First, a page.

Green Living in Las Vegas, NV: Water Saving Tips For Spring

    Water is the planet’s most precious natural resource and even more so in the Nevada desert. Having access to clean water is a privilege that, unfortunately, many people in America still take for granted.

    By implementing new water efficiency technologies and past conservation methods, we can help preserve the existing water supply for future green-livinggenerations to come. Trying to reduce consumption whenever possible is something everyone can do to live a little greener today.

    Making Sure Your Home Is Leak Free

    The 1st stop on your journey to save water is to ensure your personal Las Vegas home is free of water leaks indoors and out. Make your way through your home, and properly shut off the water at all fixtures and faucets throughout the house. Air-cooling systems and other devices that use water should also be shut off.

    Locate and read your water meter, wait two hours (without using any water), and recheck it. If your water meter gives you two different readings, you are leaking water somewhere, and the problem needs further investigating.

    If you find yourself flooded with problems, it may be time to call your local Las Vegas area real estate professional. Most issues are easily repaired or upgraded, but sometimes a fresh efficient start may be a more simple solution. There are many newer Las Vegas homes for sale that are more water efficient and we can help you find them.

    Aerator It Out And Get In the Flow

    Consider installing aerators on faucets and shower heads to reduce their usage by nearly half. These aerators are cheap and easy to install. By injecting household air into the fresh water flow, you keep the same water pressure, but use less water.

    If you are buying a new toilet soon, complete your water saving bathroom list with a low flow model. These low flow toilets can save about 9,000 gallons of water annually.

    If buying a new toilet is not in your near future, a simple homemade contraption can cut down on water being flushed away. Fill a water bottle with some rocks or pebbles so it sinks, and fill the rest with water. Place the bottle in the tank of your old toilet. By displacing some of the water in the tank, you can save around 500 gallons of water annually.

    Obtain A Lush Lawn With Less Water in Las Vegas

    Over-watering your grass in Las Vegas is wasteful and counterproductive. Watering your Las Vegas lawn four times a week is better for grass than daily sprinklings. Giving your lawn a good soaking with an inch of water every few days will keep it lush and will also save water. You should also avoid over-mowing.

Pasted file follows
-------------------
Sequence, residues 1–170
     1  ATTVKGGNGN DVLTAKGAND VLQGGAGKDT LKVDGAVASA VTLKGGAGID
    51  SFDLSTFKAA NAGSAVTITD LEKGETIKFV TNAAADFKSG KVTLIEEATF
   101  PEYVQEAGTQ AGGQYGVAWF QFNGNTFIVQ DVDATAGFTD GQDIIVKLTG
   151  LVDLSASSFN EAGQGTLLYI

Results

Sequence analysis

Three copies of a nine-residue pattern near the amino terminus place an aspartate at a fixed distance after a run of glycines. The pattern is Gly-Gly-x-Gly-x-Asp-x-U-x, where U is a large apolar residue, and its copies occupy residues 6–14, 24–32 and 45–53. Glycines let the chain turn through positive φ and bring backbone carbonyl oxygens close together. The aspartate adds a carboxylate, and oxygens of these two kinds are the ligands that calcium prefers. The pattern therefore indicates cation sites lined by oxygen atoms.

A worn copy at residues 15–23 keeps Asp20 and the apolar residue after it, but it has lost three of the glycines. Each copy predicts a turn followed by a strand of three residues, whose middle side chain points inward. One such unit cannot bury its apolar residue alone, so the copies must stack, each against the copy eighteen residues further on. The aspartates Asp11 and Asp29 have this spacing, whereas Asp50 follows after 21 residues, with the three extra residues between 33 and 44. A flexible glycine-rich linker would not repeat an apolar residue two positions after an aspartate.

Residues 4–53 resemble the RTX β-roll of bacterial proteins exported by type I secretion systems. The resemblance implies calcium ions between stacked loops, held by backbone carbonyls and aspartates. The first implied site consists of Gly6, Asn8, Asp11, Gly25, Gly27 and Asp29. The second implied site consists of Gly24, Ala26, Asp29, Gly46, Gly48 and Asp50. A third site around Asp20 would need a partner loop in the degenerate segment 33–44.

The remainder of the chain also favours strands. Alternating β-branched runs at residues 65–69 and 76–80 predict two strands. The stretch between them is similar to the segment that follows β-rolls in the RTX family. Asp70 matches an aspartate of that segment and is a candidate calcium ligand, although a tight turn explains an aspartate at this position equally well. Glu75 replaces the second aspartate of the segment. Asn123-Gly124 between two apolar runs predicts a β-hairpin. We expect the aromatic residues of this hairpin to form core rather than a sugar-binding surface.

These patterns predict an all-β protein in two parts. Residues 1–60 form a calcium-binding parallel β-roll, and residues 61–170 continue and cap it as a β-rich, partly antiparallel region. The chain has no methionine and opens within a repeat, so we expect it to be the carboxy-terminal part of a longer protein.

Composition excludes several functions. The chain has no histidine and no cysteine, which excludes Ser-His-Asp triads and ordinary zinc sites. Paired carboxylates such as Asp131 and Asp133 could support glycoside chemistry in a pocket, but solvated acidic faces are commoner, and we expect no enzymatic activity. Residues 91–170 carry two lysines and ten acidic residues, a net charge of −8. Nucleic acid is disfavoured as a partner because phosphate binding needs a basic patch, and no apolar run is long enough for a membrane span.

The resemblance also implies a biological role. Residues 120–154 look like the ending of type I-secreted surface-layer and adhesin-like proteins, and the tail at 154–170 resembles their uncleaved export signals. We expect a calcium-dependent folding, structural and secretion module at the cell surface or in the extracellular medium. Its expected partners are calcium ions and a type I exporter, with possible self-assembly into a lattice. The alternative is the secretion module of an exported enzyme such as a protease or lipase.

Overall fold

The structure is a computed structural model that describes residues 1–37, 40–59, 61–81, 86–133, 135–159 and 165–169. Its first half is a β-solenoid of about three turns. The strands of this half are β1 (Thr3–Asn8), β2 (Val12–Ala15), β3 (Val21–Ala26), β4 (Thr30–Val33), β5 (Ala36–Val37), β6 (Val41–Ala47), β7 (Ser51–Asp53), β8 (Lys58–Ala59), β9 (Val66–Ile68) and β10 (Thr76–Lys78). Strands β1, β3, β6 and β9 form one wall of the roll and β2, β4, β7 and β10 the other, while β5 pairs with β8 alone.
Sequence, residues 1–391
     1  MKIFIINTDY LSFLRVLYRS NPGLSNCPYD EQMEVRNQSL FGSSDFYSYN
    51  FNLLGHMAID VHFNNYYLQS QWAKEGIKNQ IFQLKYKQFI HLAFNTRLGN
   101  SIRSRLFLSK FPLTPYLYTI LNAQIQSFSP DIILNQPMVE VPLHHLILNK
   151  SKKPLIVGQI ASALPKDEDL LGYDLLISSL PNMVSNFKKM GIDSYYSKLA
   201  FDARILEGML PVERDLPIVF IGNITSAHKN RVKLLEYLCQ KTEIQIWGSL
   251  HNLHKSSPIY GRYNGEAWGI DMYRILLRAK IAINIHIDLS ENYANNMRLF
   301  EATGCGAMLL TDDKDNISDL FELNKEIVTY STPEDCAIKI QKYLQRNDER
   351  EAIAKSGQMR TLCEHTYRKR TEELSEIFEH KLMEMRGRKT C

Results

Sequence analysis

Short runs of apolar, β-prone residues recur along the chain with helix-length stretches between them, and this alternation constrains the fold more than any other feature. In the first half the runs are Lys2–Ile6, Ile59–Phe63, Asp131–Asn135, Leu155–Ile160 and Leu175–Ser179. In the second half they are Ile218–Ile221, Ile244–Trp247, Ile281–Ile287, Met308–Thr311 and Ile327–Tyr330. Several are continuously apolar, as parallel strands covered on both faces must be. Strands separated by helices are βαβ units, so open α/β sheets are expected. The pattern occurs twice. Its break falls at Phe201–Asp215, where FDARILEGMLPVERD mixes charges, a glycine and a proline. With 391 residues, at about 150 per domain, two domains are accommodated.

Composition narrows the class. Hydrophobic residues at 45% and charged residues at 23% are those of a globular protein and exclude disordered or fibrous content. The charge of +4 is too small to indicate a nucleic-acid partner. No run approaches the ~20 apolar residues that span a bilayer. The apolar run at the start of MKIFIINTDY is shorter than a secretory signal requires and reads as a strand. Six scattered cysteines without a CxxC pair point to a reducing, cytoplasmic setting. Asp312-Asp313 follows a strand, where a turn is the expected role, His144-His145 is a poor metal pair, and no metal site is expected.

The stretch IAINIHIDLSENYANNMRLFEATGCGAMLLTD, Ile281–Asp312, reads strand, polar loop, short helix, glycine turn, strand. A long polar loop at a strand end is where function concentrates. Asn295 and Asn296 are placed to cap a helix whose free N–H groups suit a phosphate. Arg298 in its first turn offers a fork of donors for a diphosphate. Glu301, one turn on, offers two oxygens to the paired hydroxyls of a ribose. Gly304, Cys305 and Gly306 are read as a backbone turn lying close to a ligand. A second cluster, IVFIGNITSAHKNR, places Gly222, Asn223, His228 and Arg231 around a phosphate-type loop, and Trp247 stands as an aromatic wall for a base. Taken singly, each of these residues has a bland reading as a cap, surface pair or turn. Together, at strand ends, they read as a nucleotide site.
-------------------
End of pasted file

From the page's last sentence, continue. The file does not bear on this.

Best height for grass is two to three inches tall. Over-mowed grass tends to have a weak root system, and requires more water to keep it growing strong. When it rains turn of your landscaping water for that day.

    Mulch Las Vegas Landscaping To Lock In Moisture

    Mulch around the trees, bushes and shrubs in your  Las Vegas yard. Mulch holds in moisture, and will keep the water in the ground for a longer time frame. There are also water bags at most nursery’s that do a good job of keeping young trees hydrated in dryer areas.

    Ensure your sprinklers are putting water where it is needed, and not unnecessarily watering the driveway, pool decking or sidewalk. When the sidewalks and patios need a sweeping, make sure you reach for the broom and leave the hose off.

    By making a few informed decisions to cut down on your Las Vegas homes water consumption, you can feel good knowing you are doing your part to conserve. When water flows freely daily, it can be easy to forget how precious of a resource it is.

    Remind yourself that fresh water is a natural resource that needs to be saved is Las Vegas, and should not be wasted. Access to clean water is something no one wants to see dwindle. Help by continuing to looking for solutions, and find answers to your water-saving questions by calling your local Realtor professional today. Thanks for taking the time to learn more about green living in the Greater Las Vegas, Nevada area.

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